Dear Friends, 

We hope this finds you and your loved ones healthy and in good spirits.

Wherever we live, as we approach the equinox the seasons are turning. These liminal, in-between times have traditionally been moments for gathering and celebration, for music, dancing and storytelling.

For many of us, gathering is not a possibility right now, but it remains important to mark the balancing of the year and to give thanks for the changing expressions of Mother Earth- our source of life.

This equinox newsletter is an invitation to join us around Gaia’s hearth and hear inspiring stories from our work and the work of our global partners over the past few months. Stories from the red foothills of Mount Kenya and the shimmering depths of the Great African Sea Forest.

We hope you will enjoy these offerings, share them widely and consider supporting our work to protect and restore our living planet alongside her best custodians.

With warmest wishes,  

Liz Hosken, Director 

On behalf of the Gaia Team 


Feature: Gaia’s Stories of Resilience series launched

“Each story relates a journey of revival and restoration in the human community and in the communities of Nature and spirit.” 

In our last newsletter we shared the launch of a new Stories of Resilience series, in partnership with The Ecologist. Over the coming months we will be sharing stories of practical action and revival from our global network.

In a time of uncertainty, doubt, conflict and distraction, we hope these stories offer you “a counter-cultural reminder of the world we want, and the transformations we need to get there”. 

Read: Stories of Resilience


Earth Jurisprudence… in action across Africa

“Do we really want to restore industries that have polluted our air so badly that we cannot see Mount Kenya through the smog?” 

African Earth Jurisprudence Practitioners in Benin, Kenya, Uganda and Zimbabwe, trained by Gaia, have been taking stock of the pandemic and supporting the communities they accompany.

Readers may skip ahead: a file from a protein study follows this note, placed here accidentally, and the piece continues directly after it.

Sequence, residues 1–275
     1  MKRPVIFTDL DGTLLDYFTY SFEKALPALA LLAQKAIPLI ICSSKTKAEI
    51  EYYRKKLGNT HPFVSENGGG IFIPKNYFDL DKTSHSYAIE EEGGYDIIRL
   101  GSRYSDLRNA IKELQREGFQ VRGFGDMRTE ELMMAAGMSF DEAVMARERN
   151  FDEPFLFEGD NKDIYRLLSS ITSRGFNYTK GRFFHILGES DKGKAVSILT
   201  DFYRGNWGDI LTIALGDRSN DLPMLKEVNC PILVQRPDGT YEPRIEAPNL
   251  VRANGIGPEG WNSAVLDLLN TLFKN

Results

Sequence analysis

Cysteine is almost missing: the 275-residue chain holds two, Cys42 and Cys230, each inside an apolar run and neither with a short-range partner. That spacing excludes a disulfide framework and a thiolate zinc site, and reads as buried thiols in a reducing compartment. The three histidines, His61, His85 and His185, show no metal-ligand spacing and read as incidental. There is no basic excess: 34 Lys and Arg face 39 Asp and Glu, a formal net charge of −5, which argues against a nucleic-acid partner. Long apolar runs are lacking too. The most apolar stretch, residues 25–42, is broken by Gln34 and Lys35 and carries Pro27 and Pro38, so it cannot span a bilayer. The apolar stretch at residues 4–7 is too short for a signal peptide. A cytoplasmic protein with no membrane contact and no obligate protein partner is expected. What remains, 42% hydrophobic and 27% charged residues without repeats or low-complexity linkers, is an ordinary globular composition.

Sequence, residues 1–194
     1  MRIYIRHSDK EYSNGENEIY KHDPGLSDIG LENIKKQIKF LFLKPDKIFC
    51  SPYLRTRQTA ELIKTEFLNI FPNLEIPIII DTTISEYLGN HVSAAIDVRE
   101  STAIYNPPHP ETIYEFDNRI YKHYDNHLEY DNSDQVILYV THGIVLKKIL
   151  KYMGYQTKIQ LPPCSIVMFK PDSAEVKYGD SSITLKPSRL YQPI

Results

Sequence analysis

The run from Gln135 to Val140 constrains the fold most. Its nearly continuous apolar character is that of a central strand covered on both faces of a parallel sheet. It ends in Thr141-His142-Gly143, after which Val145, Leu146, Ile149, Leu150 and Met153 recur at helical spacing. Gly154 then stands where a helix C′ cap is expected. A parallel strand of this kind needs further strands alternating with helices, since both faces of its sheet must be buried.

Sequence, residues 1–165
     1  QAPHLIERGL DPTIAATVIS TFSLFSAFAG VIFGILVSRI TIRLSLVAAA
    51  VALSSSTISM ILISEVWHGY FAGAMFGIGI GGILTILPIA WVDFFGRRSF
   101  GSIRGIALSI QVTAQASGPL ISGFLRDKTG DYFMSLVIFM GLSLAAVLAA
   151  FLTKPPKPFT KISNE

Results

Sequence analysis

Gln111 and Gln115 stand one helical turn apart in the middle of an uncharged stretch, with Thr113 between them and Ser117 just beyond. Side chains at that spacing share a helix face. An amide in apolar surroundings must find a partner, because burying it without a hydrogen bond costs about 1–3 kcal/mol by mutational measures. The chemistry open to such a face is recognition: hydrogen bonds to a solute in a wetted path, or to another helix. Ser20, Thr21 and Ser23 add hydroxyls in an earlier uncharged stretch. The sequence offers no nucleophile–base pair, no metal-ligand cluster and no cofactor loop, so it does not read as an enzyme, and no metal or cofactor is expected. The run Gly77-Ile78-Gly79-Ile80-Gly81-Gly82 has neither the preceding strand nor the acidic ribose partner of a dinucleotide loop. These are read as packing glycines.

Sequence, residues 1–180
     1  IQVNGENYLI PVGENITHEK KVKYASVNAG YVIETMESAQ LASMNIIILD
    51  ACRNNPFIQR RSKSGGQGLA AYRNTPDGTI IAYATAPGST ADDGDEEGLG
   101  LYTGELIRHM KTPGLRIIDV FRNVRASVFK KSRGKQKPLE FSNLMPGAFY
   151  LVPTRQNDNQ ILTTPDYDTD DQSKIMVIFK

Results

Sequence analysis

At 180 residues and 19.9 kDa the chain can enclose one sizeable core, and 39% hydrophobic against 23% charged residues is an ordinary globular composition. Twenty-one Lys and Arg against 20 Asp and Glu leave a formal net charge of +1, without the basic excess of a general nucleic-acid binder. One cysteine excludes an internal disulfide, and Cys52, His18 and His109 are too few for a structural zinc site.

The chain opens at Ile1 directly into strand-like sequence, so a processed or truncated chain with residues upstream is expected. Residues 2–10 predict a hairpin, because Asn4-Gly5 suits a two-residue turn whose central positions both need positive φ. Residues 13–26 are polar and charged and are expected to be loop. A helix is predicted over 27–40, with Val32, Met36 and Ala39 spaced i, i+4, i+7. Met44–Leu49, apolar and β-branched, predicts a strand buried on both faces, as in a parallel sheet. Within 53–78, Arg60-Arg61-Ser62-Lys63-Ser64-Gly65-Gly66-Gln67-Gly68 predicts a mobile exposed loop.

In a new article for Terralingua Magazine, EJ Practitioner Simon Mitambo reflects on how Tharakan Indigenous People from central Kenya have been responding  to the COVID crisis, and the resilience his community have built by reviving their Earth-centred knowledge and practices.

Read: Reviving Culture, Nature, and Ritual in Tharaka


Seed, Food and Climate Change Resilience… on the frontlines of COVID-19 

“Giving voice to the radical, grassroots stories of our food systems.” 

In her new Frontline Food podcast our friend, food anthropologist Georgie Styles, seeks out untold stories of food sovereignty activism and asks what true resilience in our food systems might look like, beyond coronavirus. This excellent series features interviews with our Kenyan and Zimbabwean partners.

Meanwhile, our UK & Ireland Seed Sovereignty Coordinators continue their vital work online. In Wales, growers are getting gathering in rare native grains that have survived drought and incursions by wooly interlopers. Find out more in our Oat Quest Youtube mini-series.

Tune in to Frontline Food


Sacred Lands and Waters… My Octopus Teacher

This month saw the release of a new Netflix feature documentary from our South African partners, Sea Change. My Octopus Teacher explores the powerful interspecies relationship between a diver and an octopus, and the importance of protecting the Great African Sea Forest. The film has had rave reviews!

Meanwhile, we announced the launch of a very exciting new re-wilding and cultural restoration project with our Finnish partners the Snowchange Cooperative. Over the next 6 years, we will work together to restore the remarkable Koitajoki River System. Find out more.

Watch: My Octopus Teacher


Beyond Extractivism… in Kawthoolei

“We are the best custodians of our ancestral territories…” 

In the fifth and final instalment of the YLNM Network’s post-extractivism story series, members of the Karen Environmental and Social Action Network (KESAN) tell the story of how Karen Indigenous People in Myanmar founded the Salween Peace Park to protect their mega-diverse territory, known as Kawthoolei, from mining, mega-dams and militarisation.

Working alongside KESAN, we have edited their powerful story of decolonisation and Earth-democracy into a beautiful, interactive story.

Read: Salween Peace Park – a place for all living things


LEAP with us…

In a time of multiple, complex crises, working to uphold the health and diversity of our living planet can feel like swimming upstream.

And yet, like salmon, we leap, and more often than you might expect, we make it.

We invite you to make the next leap with us by making a donation of any size.

Donate – One off

Donate – Monthly